HIV, STD, and Unintended Pregnancy Prevention
Montana is seeking to increase the percentage of schools
that address all of the following in a required course taught during grades 6, 7, or 8:
- The differences between HIV and AIDS.
- How HIV and other STDs are transmitted.
- How HIV and other STDs are diagnosed and treated.
- Health consequences of HIV, other STDs, and pregnancy.
- The benefits of being sexually abstinent.
- How to prevent HIV, other STDs, and pregnancy.
- How to access valid and reliable health information, products, and
services related to HIV, other STDs, and pregnancy.
- The influences of media, family, and social and cultural norms on sexual behavior.
- Communication and negotiation skills related to eliminating or reducing
risk for HIV, other STDs, and pregnancy.
- Goal setting and decision making skills related to eliminating or reducing
risk for HIV, other STDs, and pregnancy.
- Compassion for persons living with HIV or AIDS.
- Provide professional development for teachers of students in grades 6, 7, and 8
through four regional trainings that use effective prevention messages for HIV, STD
infection, and unintended pregnancy.
- Provide follow-up support to teachers who have attended a regional training to prevent
HIV, STD, and unintended pregnancy.
- Conduct student evaluations for HIV/AIDS components with students of teachers who
had attended training.
Montana is seeking to increase the percentage of schools in
which the lead health education teacher received professional development during the
past 2 years on all of the following:
- Describing how widespread HIV and other STD infections are and the consequences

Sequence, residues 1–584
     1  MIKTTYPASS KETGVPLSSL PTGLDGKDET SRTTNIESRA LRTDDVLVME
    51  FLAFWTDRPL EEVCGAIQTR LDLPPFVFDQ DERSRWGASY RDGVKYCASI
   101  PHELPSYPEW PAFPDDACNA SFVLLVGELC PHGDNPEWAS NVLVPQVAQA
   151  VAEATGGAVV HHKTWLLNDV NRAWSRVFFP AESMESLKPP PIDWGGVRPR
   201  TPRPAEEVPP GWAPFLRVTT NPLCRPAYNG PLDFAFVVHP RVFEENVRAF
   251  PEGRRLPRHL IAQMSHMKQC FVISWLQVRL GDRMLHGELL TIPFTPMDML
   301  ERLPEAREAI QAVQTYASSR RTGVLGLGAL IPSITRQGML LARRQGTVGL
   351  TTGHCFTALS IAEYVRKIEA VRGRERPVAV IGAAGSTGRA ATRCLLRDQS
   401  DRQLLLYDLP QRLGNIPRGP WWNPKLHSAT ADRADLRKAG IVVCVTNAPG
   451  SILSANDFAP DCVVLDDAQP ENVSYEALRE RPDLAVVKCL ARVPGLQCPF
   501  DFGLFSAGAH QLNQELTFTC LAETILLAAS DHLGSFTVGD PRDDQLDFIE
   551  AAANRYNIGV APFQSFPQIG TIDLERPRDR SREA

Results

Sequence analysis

of these infections.
- Understanding the modes of transmission and effective prevention strategies for HIV and
- Identifying populations of youth who are at high risk of being infected with HIV
and other STDs.
- Implementing health education strategies using prevention messages that are likely
to be effective in reaching youth.
- Provide four regional HIV, STD, and pregnancy prevention trainings for at
least 100 educators on policy development and implementation for HIV infection and
provide all participants with follow-up support in addition to a 6-month post-training
- Meet with state education agency staff to develop one training for educators
working with youth at high risk (e.g., homeless, out of school, correctional facility youth)
on effective HIV, STD, and pregnancy prevention programs.
Montana is seeking to increase the percentage of schools in which
the lead health education teacher received professional development on at least six of the
following during the past 2 years:
- Teaching HIV prevention to students with physical, medical, or cognitive disabilities.
- Teaching HIV prevention to students of various cultural backgrounds.
- Using interactive teaching methods for HIV prevention education, such as role plays or cooperative group activities.
- Teaching essential skills for health behavior change related to HIV prevention and guiding student practice of these skills.
- Teaching about health-promoting social norms and beliefs related to HIV prevention.
- Strategies for involving parents, families, and others in student learning of HIV prevention education.
- Assessing students’ performance in HIV prevention education.
- Implementing standards-based HIV prevention education curricula and student assessment.
- Using technology to improve HIV prevention education instruction.
- Teaching HIV prevention to students with limited English proficiency.
- Addressing community concerns and challenges related to HIV prevention education.
- Deliver HIV, STD, and pregnancy prevention training and support to 50 teachers
responsible for the delivery of HIV prevention curricula to students.
- Provide teachers attending a regional training with sexual health strategies for
parents, families, and students.
- Provide follow-up support to all teachers attending an HIV, STD, and pregnancy
prevention training to ensure effective implementation of training strategies.